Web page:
MIAMI, Fla. -- Dwyane Wade remembers, you bet he remembers.
James Posey in the corner, as he seemingly always was, this time with 3:43 left in the fourth quarter. Heat up three. Wade with the pass. Posey with the 3-pointer. Game. Moments later, jubilation. Game 6 of the 2006 NBA Finals over, the Miami Heat, for the first time, NBA champions.
There have been plenty of Wade assists for 3-pointers since, with teammates such as Mario Chalmers, James Jones, Mike Miller, Shane Battier, Mike Bibby, Eddie House, Daequan Cook, Ricky Davis and Jason Kapono.
But the chemistry with Posey was special, the quarterback who knew where the receiver would be, the receiver who intuitively would read the passing lane.
There were other choices during the 2005-06 championship season, including Antoine Walker and Jason Williams, but there hasn't been anything like Wade-to-Posey since, well, Wade-to-Posey.
Which bring us, and more significantly, Wade, to this coming season.
Never have the drive-and-kick options been so bountiful, not only are Chalmers, Jones, Miller and Battier back, but arriving for the defense of the Heat's second championship are Ray Allen and Rashard Lewis.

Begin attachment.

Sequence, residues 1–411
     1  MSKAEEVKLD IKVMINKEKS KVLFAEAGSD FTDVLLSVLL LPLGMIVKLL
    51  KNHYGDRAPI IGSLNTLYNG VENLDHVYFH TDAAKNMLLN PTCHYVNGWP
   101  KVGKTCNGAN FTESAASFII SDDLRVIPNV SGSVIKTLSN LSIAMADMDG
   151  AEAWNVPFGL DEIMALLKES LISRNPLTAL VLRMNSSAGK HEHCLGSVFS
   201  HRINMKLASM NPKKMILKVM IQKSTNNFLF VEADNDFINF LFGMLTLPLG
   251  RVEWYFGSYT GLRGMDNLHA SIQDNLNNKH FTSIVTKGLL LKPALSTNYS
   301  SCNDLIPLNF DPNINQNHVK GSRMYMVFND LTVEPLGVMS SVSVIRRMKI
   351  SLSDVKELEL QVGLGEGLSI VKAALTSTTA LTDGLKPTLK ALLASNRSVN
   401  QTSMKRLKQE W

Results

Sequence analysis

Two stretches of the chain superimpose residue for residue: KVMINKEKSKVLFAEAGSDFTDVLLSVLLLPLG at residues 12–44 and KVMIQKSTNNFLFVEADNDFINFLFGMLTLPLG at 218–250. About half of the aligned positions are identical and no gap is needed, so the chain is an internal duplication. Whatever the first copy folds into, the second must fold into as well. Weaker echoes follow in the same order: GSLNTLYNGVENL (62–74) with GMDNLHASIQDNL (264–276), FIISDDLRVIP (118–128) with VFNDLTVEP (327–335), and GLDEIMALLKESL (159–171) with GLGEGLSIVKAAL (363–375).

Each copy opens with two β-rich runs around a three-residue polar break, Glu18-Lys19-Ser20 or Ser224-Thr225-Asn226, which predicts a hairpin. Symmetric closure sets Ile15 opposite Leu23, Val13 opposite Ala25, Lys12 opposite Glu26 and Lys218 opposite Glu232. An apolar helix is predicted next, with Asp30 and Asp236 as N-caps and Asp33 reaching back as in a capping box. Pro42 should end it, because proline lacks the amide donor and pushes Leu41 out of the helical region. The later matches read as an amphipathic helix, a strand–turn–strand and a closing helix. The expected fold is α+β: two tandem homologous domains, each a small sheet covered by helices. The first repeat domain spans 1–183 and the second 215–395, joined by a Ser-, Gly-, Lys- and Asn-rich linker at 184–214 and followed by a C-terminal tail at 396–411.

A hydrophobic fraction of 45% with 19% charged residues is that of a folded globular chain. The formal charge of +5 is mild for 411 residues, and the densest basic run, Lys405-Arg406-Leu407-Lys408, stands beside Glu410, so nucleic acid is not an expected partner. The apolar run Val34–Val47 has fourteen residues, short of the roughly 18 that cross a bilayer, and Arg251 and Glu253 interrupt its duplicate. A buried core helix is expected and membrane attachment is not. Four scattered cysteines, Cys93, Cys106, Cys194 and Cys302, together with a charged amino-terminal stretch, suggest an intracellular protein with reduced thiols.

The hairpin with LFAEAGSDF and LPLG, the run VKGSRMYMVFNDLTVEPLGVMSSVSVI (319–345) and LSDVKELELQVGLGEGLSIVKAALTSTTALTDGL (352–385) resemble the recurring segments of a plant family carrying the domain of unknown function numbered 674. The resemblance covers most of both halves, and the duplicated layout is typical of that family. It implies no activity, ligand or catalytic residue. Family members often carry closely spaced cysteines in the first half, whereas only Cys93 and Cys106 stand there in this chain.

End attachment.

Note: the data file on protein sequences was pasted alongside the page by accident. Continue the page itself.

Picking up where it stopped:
At a time when LeBron James is assuming a greater share of the Heat's offense, Wade now finds himself in position to channel back to what he had in 2006, that instinctive connection with a spot-up sniper.
"I mean, that'd be great," he said during a break in his book tour, as he looked ahead to the Sept. 29 start of training camp at AmericanAirlines Arena. "Posey was huge for us."
During the run to the 2012 championship, Wade said he began to develop a similar bond with Battier, one that developed late, with Battier's unlikely postseason insertion into the starting lineup at power forward.
"I think I did a little bit in the Finals," Wade said. "With the matchup problems, sometimes I drove just to get guys shots. So I knew that once I drove, that bigger guys who were guarding Shane were going to come to the rim and protect the rim. Shane had a lot of open shots."
Wade said he expects to do more of the same this time around.
"My mind frame a lot would be when I get to the paint, when I attack, sometimes I'm going just to draw the defense, knowing I've got the shooters and I need to get my shooters shots," he said. "I can always get my own shot. But when I'm in the game, my mindset is, 'OK, I need to get these guys going,' because they're going to get things open for everyone."
Wade said it is too early to consider specific chemistry, having yet to make it to the court for workouts with Allen and Lewis, a process that could be delayed by Wade's rehabilitation from his July 9 arthroscopic knee surgery. But he said there is nothing wrong with trying to find his next Posey.
"No, it's not dangerous to have a favorite," he said. "As long as the ball goes in, I think we all would be satisfied with it."
When the Heat clinched last season's championship, Miller was everyone's go-to choice from distance, with his seven 3-pointers in the series-clinching Game 5 victory over the Oklahoma City Thunder in the NBA Finals.
Now? Now the options have practically been squared.